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Information Regarding Thumb Arthroplasty

  1. You are scheduled for a Thumb Arthroplasty. This procedure is performed on patients with advanced basilar thumb arthritis. The procedure is intended to alleviate pain in the thumb and improve function. Pinching or grasping can cause severe pain in the thumb. During this surgical procedure, the joint is removed and a tendon is used to reconstruct the joint.You will be administered general anesthesia with an axillary block. The anesthesiologist will discuss the block with you. It is accomplished by injected medicine in your axilla (armpit) while you are still awake. This allows you to wake from surgery with no pain. The block will last for several hours after surgery. The surgery is performed by making an incision along the border of the thumb. The joint is removed (an entire bone is taken out) and replaced with a tendon graft. The tendon is obtained by making one or two incisions along your forearm. This is a tendon that is redundant and you will not notice its absence. One or two pins are used to stabilize the thumb. These pins will be removed in 4 weeks in the office.
  2. Before surgery, you will need to obtain clearance from your regular doctor if you have medical problems. You may be required to obtain some basic tests for screening before the surgery. Basic blood tests, a chest x-ray, and an EKG may be required depending on your health.
  3. Most people are quite satisfied with the relief provided by the procedure. In most cases, once you have recovered, the pain will be gone and you will have relatively normal motion. Your pinch strength will not necessarily improve. There are always risks with any surgery. The most common complications after a thumb arthroplasty include infection, temporary numbness along the top of the thumb, and stiffness.
  4. After surgery, you will be discharged home in a splint. This should not be removed. You will need to cover the splint with a plastic bag when showering. You should keep the hand elevated as much as possible the first few weeks. You can and should move your fingers. You will see your surgeon or PA 10 to 14 days after surgery, in the office, where the stitches will be removed. You will then be placed into a thumb spica cast and will come back for cast and pin removal 3 weeks later. Once the pin is removed you will have a custom splint made for the thumb. You will also start hand therapy to work on regaining motion. Strengthening usually starts about 2 months after surgery and you will be done with therapy and splint about 3 months after surgery.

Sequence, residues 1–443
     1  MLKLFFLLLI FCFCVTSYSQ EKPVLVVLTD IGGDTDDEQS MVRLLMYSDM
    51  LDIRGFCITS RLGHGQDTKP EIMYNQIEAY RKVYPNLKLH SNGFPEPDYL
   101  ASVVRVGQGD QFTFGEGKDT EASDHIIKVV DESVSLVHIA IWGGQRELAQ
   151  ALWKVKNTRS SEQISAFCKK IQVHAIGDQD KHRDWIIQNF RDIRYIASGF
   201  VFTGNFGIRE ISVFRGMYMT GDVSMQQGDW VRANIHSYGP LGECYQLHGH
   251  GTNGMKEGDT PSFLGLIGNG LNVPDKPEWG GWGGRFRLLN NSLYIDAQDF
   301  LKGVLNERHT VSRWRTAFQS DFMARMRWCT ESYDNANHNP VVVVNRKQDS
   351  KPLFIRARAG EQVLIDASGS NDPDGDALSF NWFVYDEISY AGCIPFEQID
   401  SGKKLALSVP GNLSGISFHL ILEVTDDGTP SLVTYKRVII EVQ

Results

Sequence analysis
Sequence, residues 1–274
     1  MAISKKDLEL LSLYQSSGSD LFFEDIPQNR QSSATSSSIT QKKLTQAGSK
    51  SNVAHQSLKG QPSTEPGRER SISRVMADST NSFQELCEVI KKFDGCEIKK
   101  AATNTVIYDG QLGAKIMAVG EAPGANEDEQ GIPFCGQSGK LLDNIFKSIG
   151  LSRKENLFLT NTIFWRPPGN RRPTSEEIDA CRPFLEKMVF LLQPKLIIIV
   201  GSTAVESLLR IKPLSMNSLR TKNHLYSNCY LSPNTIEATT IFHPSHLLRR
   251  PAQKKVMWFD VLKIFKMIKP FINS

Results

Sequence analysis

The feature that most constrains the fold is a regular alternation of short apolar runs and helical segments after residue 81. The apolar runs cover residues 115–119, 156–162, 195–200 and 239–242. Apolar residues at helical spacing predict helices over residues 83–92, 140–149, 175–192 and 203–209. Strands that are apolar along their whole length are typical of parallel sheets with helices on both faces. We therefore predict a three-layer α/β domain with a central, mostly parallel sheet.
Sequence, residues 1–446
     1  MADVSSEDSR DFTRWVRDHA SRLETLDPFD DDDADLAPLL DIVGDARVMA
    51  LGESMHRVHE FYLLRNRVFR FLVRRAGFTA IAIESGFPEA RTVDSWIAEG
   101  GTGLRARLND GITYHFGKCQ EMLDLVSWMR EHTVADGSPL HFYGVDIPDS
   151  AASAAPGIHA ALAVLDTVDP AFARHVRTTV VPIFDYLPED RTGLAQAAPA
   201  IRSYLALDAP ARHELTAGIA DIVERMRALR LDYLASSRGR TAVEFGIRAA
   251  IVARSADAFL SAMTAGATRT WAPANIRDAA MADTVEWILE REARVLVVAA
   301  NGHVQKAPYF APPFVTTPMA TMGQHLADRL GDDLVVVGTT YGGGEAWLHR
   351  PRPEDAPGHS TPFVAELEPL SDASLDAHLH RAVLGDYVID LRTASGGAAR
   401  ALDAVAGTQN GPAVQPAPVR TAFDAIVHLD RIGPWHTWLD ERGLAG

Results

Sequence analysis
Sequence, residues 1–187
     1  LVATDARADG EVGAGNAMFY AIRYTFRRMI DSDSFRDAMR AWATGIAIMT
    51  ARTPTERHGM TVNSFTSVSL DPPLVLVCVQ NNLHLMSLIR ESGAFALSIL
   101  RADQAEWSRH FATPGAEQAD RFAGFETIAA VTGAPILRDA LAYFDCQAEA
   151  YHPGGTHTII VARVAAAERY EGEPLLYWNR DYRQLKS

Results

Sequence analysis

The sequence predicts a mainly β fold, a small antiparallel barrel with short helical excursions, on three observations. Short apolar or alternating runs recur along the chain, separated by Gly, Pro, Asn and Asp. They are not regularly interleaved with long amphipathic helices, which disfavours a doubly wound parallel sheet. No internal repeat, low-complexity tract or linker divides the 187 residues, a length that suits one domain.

5. Your return to work depends on your profession and the availability of light duty. Generally, light office work, typing, writing, and using a computer are acceptable even a few days after surgery. No heavy lifting or forceful gripping with the operative hand is permitted until at least 3 months after surgery.
  6. Call your surgeon if you have an elevated temperature greater than 101.5 degrees, redness, or drainage from the incision site as this may indicate an infection of the wound. Please contact our cast room if you have any problems or concerns with your cast.
  7. If you are running low on pain medication after surgery and anticipate the need for more, please call your doctor’s office during regular office hours (8am to 5pm Monday – Friday).
  8. For more information about trigger fingers and its treatment, click here.



4011 Talbot Rd S #300
Renton, WA 98055

Phone: 425.656.5060
Fax: 425.656.5047


27005 168th Pl SE #201
Covington, WA 98042

Phone: 253.630.3660
Fax: 253.631.1591

Maple Valley

24060 SE Kent Kangley Rd,
Maple Valley, WA 98038

Phone: 425.358.7708
Fax: 425.656.5047

Bone and Joint Urgent Care

150 Andover Park W.
Tukwila, WA 98188

Phone: 425.979.BONE

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